Day 4: Scarp and Hamanavay
In the morning, a sign that sea conditions were good was the sight of the three St Kilda day-boats heading out at 8am. After breakfast we headed up the Sound to circle around the top of Scarp. The island looked as inviting as ever from the sea, and we were soon ashore. After exploring the old village and church we headed to the top of Beinn fo Tuath. Its view over to the three grand sea-lochs that cut into the west of Lewis is truly spectacular. From the top we descended to Loch a’ Mhuilinn to visit a pair of Norse mills. It was here that Alan fired up his drone for the first time, and got some wonderful footage flying over the mill race.
All too soon we had to say goodbye to Scarp and steam our way over to Loch Hamanavay for the night. Hamanavay is one of the most remote places in the Western isles; we were truly in the Back of Beyond.
Day 5: Ardveg and Pabay Mor
Mist topped the Lewis hills in the morning as I led the group to Ardveg, a remote hamlet of black houses last occupied in the 1950s. As I led the way up the pathless terrain we came across a pair of beehive cells – they are beautiful little corbelled stone structures, and hundreds dot the Lewis and Harris hinterland. At that point I realized there are no beehive cells on the way to Ardveg – uh-oh, I’d gone up the wrong side of Loch Grunavat. A 180 degree course change was required, and once on the right side of the loch a half hour climb took us to Ardveg. It is an amazing site, one of the last group of black houses occupied in Lewis; a settlement immortalized in John Macdonald’s book An Trusadh (The Gathering). The drone was launched, and some beautiful footage of the site captured, including what looked like the remains of a large boat buried in the shoreline near the jetty used by the Macdonald’s 70 years ago.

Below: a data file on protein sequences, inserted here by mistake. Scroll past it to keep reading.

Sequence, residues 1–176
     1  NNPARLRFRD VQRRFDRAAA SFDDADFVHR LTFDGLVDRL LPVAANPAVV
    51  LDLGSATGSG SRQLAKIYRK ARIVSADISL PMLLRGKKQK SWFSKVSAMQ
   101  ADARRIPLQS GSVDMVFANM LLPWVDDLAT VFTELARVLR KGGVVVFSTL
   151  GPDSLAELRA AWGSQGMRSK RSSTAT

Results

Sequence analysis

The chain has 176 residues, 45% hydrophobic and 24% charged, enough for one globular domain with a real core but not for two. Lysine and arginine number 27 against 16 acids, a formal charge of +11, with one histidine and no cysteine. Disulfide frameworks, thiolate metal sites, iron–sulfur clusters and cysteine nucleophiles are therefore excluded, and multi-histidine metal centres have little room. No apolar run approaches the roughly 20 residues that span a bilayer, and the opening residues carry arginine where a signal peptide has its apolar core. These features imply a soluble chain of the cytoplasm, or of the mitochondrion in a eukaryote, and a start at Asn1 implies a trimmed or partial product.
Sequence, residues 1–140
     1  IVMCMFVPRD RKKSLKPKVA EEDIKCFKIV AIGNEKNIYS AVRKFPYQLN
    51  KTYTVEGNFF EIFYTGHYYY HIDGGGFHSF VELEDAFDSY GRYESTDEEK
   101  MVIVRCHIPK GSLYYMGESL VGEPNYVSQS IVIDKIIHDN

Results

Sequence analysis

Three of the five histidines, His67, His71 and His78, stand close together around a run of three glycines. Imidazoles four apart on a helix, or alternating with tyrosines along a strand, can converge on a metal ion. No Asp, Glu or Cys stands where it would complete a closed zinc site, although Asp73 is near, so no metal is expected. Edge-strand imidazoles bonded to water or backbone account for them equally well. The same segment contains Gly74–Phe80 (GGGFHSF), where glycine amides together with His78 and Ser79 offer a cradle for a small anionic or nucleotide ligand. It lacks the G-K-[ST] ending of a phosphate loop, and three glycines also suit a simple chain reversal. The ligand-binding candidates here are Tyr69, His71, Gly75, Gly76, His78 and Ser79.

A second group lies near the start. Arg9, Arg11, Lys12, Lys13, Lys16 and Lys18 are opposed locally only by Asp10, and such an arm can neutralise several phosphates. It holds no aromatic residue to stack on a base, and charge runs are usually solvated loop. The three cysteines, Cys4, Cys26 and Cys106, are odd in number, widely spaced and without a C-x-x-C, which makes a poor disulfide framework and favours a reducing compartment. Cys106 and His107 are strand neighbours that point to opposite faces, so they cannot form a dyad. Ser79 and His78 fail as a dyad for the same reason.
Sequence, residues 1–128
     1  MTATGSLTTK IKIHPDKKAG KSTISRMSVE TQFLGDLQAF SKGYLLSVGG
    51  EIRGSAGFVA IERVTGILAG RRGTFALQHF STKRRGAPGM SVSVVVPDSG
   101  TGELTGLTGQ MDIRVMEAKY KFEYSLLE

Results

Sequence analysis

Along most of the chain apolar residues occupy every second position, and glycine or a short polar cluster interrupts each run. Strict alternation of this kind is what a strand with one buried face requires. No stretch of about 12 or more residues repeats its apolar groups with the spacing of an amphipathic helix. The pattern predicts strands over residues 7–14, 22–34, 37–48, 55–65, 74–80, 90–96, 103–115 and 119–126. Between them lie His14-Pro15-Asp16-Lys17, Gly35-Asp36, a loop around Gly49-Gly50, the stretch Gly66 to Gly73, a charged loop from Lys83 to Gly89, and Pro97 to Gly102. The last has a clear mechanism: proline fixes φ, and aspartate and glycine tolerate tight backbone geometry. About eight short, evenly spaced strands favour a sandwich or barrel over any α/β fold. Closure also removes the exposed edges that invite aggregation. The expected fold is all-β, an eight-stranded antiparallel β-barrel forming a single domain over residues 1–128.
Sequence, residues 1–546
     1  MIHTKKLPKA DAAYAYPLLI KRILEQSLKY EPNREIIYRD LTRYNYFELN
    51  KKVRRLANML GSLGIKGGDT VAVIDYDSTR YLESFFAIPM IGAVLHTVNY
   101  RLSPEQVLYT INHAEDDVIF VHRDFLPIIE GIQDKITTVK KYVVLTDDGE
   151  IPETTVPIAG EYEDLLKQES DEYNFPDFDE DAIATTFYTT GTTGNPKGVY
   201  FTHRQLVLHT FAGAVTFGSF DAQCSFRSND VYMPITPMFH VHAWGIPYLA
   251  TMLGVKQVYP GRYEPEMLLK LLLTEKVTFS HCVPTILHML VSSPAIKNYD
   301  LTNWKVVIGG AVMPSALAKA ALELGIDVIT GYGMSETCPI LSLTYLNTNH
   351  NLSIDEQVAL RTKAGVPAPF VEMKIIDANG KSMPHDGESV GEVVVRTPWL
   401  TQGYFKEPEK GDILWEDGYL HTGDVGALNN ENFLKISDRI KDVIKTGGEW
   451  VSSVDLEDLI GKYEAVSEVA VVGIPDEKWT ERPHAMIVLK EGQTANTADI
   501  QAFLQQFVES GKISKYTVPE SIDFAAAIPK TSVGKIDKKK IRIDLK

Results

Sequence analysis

Our next port of call was Pabay Mor in West Loach Rog, once the home to a sect of the Macleods. After rescuing a sheep stuck in the bog, we visited the village, still occasionally inhabited, and then climbed to the top of the island to take in the view of the half-dozen islands that dot the loch. Once back aboard Mark moved the ship south to anchor for the night near the mile-long glittering white sands of Reef Beach.
Day 6: Berneras, Little and GreatI was looking forward to our next destination, Little Bernera, which is one of my favorite islands. The first stop was the ancient burial ground; the site of a chapel founded by St Donnan. Reaching this spot we’d travelled a hundred miles in the saint’s footsteps; for it was on Eigg, which we’d visited four days earlier, where St Donnan had been martyred. From St Donnan’s we walked through the tall machair grass to Traigh Mor (the great beach), one of the many stunning white-sand beaches that dot the Hebrides.